Why you should care
This one country is bucking Latin America's downward trend.
When the IMF examined Latin America last month, it decided it needed to be far less bullish about growth forecasts for all of the region’s biggest economies — except one.
The IMF made big cuts to forecasts from Brazil to Mexico for 2020, but it only shaved its estimate for Colombia by one-tenth of a percentage point, to 3.6 percent.
While Latin America’s economies flounder, Colombia’s 2020 growth rate is predicted to be its best since 2014.
Colombia, the fund said, was still on track to grow 3.4 percent in 2019 — easily the highest for the region’s big six economies.
The relatively sanguine prognosis emphasizes that while other Latin American economies have succumbed to popular protests, fallout from the U.S.–China trade war and political turbulence, Colombia has remained remarkably resilient, driven mostly by domestic demand.
Retail sales and consumer loans have grown at double-digit rates in recent months. Inflation is at a manageable 4 percent, and foreign direct investment is booming — though exactly what is fueling this consumer and business confidence is open to debate.
“It’s a unique puzzle in Latin America, but it’s a good puzzle to have,” said Ernesto Revilla, head of Latin American economics at Citi. “Growth looks good — and exceptional compared to the rest of the region — inflation is fine, interest rates are fine, and even last year’s tax reform, while it wasn’t as successful as we might have liked, was a step in the right direction.”
Some economists say Colombia is finally yielding a peace dividend following the 2016 signing of the historic deal between the government and Marxist guerrillas from the FARC.
Tourists are flocking to the country in greater numbers, and foreign investors appear willing to bet on the country, even though peace remains fragile. Just last week, President Iván Duque deployed 2,500 troops to the southwest of the country to combat an alarming increase in violence, blamed on former FARC militants who refused to sign up to the peace accords.
Others point to the results of last year’s election as a catalyst for optimism. “In the months before the election, there was a real fear that the far left might win. People put their investment plans on ice,” one local businessman told the Financial Times. “Once that fear disappeared, companies started to reactivate their plans, and that’s still being felt in the economy.”
Juan Pablo Espinosa, an economist at Bancolombia in Bogotá, said Colombians were also benefiting from higher remittances, which he said were at an all-time record in peso terms, and from easier access to credit as banks reach out to a growing middle class.
“That’s allowing families to buy durable goods that beforehand were beyond their reach,” he said, adding that Bancolombia expected the spending spree to last throughout 2020.
Optimism was apparent at an investment summit in Bogotá last week, where the government announced new foreign ventures worth more than $1 billion.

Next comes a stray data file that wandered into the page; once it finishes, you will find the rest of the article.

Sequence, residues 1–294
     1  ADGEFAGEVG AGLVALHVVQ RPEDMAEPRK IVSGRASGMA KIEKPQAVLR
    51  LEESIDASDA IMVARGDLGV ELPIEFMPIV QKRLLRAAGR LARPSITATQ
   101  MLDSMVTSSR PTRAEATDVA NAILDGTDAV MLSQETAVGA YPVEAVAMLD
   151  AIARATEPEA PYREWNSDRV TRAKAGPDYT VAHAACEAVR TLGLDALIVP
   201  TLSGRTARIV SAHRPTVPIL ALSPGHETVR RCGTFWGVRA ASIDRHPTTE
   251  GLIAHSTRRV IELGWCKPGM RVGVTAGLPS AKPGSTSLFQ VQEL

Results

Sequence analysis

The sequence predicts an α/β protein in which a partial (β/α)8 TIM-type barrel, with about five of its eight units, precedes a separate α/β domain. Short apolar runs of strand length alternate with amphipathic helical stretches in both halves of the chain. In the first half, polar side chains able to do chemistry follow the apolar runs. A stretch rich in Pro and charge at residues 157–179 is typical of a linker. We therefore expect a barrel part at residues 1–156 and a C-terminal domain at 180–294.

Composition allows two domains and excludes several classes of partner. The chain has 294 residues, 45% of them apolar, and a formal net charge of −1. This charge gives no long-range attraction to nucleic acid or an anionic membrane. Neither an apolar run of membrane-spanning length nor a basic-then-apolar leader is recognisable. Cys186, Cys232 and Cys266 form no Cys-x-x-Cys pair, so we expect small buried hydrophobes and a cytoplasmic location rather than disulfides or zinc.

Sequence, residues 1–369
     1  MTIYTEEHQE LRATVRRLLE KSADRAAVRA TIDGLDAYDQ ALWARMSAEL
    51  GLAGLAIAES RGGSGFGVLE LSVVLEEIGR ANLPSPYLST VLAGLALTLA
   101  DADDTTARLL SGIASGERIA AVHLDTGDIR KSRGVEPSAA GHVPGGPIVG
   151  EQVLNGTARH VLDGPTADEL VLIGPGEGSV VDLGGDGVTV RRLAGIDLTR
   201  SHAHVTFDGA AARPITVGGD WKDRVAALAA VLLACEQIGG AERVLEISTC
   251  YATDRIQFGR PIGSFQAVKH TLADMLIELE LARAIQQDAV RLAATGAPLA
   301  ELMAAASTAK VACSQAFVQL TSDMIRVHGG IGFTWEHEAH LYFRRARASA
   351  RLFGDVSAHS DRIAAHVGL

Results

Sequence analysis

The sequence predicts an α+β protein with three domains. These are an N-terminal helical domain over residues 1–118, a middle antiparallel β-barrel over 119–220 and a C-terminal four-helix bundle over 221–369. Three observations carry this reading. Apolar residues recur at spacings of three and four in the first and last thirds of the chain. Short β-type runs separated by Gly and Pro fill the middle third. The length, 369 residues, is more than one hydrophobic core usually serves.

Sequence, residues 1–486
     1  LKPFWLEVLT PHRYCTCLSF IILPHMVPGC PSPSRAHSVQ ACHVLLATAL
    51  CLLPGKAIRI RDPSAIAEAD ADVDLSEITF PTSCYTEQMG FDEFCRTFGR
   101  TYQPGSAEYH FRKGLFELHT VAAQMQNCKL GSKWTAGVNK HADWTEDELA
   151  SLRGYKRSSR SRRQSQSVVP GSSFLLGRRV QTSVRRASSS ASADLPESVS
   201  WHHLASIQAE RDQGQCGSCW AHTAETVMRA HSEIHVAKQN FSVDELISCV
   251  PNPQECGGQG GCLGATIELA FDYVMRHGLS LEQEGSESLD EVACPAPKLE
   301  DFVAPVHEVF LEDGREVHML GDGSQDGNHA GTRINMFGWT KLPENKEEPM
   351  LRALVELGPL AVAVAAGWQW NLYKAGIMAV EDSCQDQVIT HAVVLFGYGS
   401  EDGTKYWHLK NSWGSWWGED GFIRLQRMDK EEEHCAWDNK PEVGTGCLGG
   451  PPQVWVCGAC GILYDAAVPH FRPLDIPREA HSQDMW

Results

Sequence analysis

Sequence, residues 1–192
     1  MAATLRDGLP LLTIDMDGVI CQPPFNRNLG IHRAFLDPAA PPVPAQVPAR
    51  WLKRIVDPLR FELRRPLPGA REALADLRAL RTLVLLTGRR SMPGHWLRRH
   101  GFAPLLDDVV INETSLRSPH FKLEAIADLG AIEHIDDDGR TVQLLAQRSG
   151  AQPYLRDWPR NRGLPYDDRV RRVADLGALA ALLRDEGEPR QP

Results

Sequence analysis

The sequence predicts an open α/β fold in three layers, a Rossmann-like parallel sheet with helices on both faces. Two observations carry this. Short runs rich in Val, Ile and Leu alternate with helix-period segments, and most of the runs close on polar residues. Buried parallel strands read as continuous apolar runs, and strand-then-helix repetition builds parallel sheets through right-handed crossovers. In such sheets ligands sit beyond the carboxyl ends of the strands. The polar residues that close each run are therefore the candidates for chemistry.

British construction company John Laing Group unveiled its first foray into Latin America, buying a 30 percent stake in a road-building project in the northeast of the country, while Peru’s Camposol said it would put $150 million into avocado production. On the eve of the summit, a Chinese consortium clinched a $4.3 billion contract to build the first line of Bogotá’s long-overdue metro system.
The economic performance is all the more remarkable given Colombia is bearing the brunt of the Venezuelan migrant crisis. Some 1.4 million Venezuelans have poured over the border in recent years, putting a strain on public services.
Nor is the fragile peace process the only political problem. Duque’s government suffered setbacks in last month’s local elections, and the president’s approval rating is stuck below 40 percent. Last month, the constitutional court ruled that his tax reform, hastily pushed through congress a year ago, is invalid and will have to be resubmitted before the end of the year. On Wednesday, his defense minister resigned after it emerged the armed forces killed at least eight children in a bombing raid on a guerrilla camp and then covered up the incident.
Economists have some concerns. The first is the weakness of the peso, which depreciated 8 percent against the dollar in the third quarter and has been on a downward trajectory all year. The second is the current account deficit which, at more than 4 percent, is higher than that of every other major Latin American economy.
The government insists the deficit is fully financed by robust foreign direct investment, which jumped 24 percent in the first half of this year, but not everyone is convinced.
“The one thing that is flashing yellow is the current account deficit,” Revilla said. “If a country has a growing deficit, it suggests there’s a lack of domestic savings.”
Others question how long the consumer spending boom can last, particularly as unemployment is creeping upward and wage growth is sluggish.
“We think it will probably slow in the coming quarters,” said Quinn Markwith, Latin America economist at Capital Economics.
For now though, Colombia keeps churning out growth rates of 3 percent or more each quarter.
“Even though Latin America is still lagging behind in many areas, there are some bright spots,” José Manuel Restrepo, the minister for trade, industry and tourism, told the investment summit last week. “One of those bright spots is Colombia.”
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